The scam is making its way from the UK to the United States.
A fast-moving phone scam has spread across the United Kingdom, and it is most likely going to spread across the states quickly.
According to CPR Call Blocker, manufacturers of scam call blocking technology, the scam involves someone identifying himself as a police officer and telling you that your bank card information has been cloned or stolen. The scammer will ask for bank account details in order to "stop money from being withdrawn from the account."
Of course, withdrawing money is exactly what the scammer will do with that information. The company says that scams in the UK spread very quickly to the U.S., so it's best to be on guard as soon as possible.
So how do you prepare? By knowing some very basic information and spreading the word, particularly to those in our communities that are often targeted by these types of phone scams.
"It’s important to remember that police officers and bank officials will never ask you to withdraw or transfer money or hand over private banking details. We ask that friends, relatives, and neighbors of seniors help us spread the message to prevent anyone falling victim to this scam,” Chelsea Davies, CPR Call Blocker Business Development Manager, said to KKCO11 in Grand Junction.
Phone scams are among some of the most popular scams that are out there. In late January, the Westminster Police Department alerted residents that a scam call was going around impersonating the department and telling people they owed money after missing a court date and giving them a number to call to make payments. The scammers have used fake badge numbers, fake names, and a cloned number that looks like a Westminster City number.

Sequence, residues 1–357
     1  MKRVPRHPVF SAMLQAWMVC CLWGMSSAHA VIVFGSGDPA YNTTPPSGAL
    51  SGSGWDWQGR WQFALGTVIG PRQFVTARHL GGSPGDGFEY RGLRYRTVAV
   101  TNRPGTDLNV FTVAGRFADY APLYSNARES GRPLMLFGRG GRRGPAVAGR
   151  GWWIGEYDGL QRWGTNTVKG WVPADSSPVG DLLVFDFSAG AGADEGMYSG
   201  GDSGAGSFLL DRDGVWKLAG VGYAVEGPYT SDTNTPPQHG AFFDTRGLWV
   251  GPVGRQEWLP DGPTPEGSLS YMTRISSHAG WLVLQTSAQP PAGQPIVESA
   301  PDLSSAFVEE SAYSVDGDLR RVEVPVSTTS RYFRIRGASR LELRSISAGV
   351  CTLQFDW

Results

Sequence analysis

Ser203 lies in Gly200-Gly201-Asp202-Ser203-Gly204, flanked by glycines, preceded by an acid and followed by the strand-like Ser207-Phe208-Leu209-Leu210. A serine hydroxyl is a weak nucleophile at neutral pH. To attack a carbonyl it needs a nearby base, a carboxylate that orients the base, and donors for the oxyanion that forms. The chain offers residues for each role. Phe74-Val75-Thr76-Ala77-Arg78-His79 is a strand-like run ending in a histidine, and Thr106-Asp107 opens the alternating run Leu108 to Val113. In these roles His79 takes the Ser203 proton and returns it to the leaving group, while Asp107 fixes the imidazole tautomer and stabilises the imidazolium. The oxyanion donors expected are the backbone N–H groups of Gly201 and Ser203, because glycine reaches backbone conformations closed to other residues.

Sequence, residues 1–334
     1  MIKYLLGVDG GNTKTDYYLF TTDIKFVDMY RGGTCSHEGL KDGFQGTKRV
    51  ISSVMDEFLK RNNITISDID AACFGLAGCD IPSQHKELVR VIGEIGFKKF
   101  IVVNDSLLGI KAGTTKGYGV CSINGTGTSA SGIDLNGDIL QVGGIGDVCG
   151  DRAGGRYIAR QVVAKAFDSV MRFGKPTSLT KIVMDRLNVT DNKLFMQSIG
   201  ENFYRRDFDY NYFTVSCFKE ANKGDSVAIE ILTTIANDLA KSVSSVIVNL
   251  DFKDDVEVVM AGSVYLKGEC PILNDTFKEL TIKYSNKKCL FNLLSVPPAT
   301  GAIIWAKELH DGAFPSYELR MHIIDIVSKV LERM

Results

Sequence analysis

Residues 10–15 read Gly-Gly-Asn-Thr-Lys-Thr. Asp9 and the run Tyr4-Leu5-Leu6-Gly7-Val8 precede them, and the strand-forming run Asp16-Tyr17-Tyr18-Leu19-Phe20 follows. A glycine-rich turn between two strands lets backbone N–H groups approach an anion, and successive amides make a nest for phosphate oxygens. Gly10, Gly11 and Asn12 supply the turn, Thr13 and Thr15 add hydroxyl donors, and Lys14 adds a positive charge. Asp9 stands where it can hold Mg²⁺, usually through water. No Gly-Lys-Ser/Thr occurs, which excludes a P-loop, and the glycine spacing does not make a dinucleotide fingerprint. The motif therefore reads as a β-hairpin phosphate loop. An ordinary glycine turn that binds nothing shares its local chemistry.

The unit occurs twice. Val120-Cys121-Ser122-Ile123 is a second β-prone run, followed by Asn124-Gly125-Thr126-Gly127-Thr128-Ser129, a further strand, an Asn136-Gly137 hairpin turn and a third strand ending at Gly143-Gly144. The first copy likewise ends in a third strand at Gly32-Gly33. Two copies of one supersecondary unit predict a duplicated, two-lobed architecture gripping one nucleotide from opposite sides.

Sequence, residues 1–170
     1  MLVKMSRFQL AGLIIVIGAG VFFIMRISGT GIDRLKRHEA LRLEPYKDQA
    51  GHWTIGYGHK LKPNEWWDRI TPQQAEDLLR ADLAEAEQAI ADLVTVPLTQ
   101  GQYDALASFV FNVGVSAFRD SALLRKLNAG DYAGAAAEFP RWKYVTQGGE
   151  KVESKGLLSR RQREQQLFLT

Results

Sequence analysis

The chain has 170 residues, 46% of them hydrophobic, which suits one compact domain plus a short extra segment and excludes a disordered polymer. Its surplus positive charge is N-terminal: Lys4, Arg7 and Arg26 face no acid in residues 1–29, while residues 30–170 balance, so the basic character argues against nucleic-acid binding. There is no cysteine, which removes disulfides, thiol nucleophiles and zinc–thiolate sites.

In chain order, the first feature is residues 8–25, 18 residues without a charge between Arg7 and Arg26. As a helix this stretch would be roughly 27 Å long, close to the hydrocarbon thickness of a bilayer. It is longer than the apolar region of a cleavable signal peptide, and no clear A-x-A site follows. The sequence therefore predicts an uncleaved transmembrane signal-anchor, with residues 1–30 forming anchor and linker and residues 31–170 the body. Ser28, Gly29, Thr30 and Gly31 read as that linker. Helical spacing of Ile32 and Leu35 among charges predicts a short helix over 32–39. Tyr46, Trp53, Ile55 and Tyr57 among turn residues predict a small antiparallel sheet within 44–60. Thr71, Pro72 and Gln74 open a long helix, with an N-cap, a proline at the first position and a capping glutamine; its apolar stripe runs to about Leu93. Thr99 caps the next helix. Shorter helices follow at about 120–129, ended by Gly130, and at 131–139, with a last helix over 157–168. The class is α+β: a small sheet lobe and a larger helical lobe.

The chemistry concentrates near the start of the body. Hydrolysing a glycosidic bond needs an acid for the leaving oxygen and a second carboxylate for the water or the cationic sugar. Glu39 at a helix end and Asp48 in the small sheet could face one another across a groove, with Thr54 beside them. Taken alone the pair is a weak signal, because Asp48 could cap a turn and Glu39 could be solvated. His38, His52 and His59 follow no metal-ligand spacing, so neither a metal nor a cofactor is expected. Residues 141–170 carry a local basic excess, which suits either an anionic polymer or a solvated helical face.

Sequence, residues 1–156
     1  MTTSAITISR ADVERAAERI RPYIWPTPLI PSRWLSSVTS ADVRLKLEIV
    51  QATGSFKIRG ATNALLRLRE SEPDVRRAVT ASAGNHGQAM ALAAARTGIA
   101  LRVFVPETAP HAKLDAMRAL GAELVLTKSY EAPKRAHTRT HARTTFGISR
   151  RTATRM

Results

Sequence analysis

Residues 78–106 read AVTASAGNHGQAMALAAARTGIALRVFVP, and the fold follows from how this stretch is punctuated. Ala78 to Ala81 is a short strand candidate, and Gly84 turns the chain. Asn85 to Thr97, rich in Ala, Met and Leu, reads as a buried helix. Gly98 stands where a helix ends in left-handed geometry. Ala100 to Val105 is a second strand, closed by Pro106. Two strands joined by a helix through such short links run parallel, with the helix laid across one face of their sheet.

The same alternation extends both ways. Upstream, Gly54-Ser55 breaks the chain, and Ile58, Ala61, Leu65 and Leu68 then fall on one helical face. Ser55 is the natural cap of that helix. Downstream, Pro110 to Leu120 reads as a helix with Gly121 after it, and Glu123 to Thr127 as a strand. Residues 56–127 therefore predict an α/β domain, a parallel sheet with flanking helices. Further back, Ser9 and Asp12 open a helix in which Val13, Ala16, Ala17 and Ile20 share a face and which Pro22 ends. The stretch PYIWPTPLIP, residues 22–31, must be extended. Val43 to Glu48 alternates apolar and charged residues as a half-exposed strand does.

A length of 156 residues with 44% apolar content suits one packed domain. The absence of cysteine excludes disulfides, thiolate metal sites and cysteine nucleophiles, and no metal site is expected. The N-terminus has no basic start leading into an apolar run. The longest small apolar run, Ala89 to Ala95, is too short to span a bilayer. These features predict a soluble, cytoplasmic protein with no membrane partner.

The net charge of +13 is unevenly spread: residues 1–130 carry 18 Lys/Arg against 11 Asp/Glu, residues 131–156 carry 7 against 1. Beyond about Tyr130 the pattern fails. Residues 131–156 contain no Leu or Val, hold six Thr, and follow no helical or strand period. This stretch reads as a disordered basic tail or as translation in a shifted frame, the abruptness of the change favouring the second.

"If you actually reach a person on this number they will tell you they will connect you with a national database to make payment on a warrant. When the transfer occurs they are asking for your name, date of birth and social security number. Please do not give them any of this information," said a press release from the City of Westminster. "The Westminster Police Department will never call and ask you for money."
The press release also said that the Broomfield Police Department also received reports of a similar scam. Just note, as Westminster said, no police officer will ever ask you for bank information or money. This scam will also likely spread, so no matter where you are in the state, it could come your way.
Here are some things you don't want to do if you receive calls like this, according to the AARP:
- Don’t answer calls from unknown numbers.
- Don’t return one-ring calls from unknown numbers. These may be scams to get you to call hotlines in African and Caribbean countries that have U.S.-style three-digit area codes, and you could incur hefty connection and per-minute fees.
- Don’t follow instructions on a prerecorded message, such as “Press 1” to speak to a live operator (it will probably lead to a phishing expedition) or press any key to get taken off a call list (it will probably lead to more robocalls).
- Don’t give personal or financial data, such as your Social Security number or credit card account number, to callers you don’t know. If they say they have the information and just need you to confirm it, that’s a trick.
- Don’t pay registration or shipping charges to get a supposed free product or prize. Such fees are ploys to get your payment information.
- Don’t make payments by gift card, prepaid debit card, or wire transfer. Fraudsters favor these methods because they are hard to trace.
If you are interested in the top scams that are making their way through the state in 2020, check out our look into the Top Scam Trends in Colorado Right Now.
If you think you've been scammed, let the CBI know on its 24-hour Identity Theft and Fraud Hotline at 1-855-443-3489 or visit CBI’s website. Or, if you receive what seems to be a scam call from your local police department, hang up and call the department to make a report.